NTSB Identification: LAX01FA308
14 CFR Part 91: General Aviation
Accident occurred Sunday, June 03, 2001 in Lytle Creek, CA
Probable Cause Approval Date: 01/14/2009
Aircraft: PIPER PA-28-181, registration: N8253W
Injuries: 1 Fatal.

NTSB investigators either traveled in support of this investigation or conducted a significant amount of investigative work without any travel, and used data obtained from various sources to prepare this aircraft accident report.

Witnesses from the skydiving business observed the pilot board the rented airplane and depart about 1915. The pilot obtained flight following for part of the flight. Recorded radar data showed that the airplane track proceeded along a northerly heading, and then turned toward the west. Approach control informed the pilot that they would be losing radar contact soon, and advised the pilot to proceed under visual flight rules. The pilot responded that he was 17 to 18 miles from his intended destination. No further transmissions were received from the pilot. The corrected mode C reported altitude remained steady at 2,500 feet mean sea level until the target initiated a climb to 2,900 feet about 1 1/2 minutes prior to a loss of radar contact. The last target occurred in the mouth of a box canyon. This target displayed a corrected mode C reported altitude of 2,900 feet at 1931:47. Data from a portable global positioning satellite system in the airplane indicated that the airplane continued up the canyon and began climbing. It turned to the south prior to impacting the terrain. The operator reported the airplane overdue 3 days later and an extensive search did not locate the airplane. The wreckage was discovered on September 21, 2008. The airplane wreckage came to rest at an estimated elevation of 5,600 feet on a steep slope near the top southern side of a box canyon. The canyon is generally oriented east/west. The orientation of the fuselage was about 180 degrees. Investigators examined the airframe and engine and discovered no anomalies that would have precluded normal operation. Sunset occurred around 1953 on the day of the accident. Weather reporting stations surrounding the accident site noted broken to overcast cloud conditions between 2,800 and 4,400 feet.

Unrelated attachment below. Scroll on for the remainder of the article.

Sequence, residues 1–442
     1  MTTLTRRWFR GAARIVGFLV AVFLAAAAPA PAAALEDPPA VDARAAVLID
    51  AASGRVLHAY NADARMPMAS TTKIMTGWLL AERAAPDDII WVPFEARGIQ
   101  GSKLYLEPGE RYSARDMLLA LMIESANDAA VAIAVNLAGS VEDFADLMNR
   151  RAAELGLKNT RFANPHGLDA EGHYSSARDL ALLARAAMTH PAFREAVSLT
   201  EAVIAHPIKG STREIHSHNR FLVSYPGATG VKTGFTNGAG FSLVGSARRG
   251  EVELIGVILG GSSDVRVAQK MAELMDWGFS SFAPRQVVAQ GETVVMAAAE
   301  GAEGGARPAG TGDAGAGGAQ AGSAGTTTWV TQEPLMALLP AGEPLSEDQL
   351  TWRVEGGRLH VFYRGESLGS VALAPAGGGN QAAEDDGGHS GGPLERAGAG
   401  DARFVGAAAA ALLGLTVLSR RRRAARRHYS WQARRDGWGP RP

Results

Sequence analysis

The National Transportation Safety Board determines the probable cause(s) of this accident to be:

The pilot's inadequate decision to fly into an area of rising terrain.

Full narrative available

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